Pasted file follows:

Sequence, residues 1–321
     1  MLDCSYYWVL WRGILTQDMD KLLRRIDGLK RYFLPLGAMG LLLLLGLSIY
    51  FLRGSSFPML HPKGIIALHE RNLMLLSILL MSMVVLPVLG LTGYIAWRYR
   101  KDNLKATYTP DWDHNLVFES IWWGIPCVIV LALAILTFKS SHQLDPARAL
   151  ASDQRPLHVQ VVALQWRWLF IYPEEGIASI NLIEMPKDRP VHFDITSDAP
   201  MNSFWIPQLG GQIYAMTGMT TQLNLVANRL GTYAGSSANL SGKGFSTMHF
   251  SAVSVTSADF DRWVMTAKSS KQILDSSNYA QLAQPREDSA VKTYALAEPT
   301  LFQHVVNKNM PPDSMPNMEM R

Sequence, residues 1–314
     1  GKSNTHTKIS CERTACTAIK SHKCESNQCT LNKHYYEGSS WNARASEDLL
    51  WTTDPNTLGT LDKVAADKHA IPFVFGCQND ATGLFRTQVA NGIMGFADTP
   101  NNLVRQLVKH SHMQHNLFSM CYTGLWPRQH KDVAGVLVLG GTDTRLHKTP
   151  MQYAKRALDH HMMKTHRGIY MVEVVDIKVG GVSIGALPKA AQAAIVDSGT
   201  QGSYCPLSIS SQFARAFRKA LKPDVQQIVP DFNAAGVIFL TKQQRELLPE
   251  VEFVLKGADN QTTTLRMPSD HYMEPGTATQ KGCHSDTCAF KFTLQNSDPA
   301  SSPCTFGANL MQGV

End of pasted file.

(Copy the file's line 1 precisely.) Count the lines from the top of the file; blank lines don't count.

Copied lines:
Sequence, residues 1–321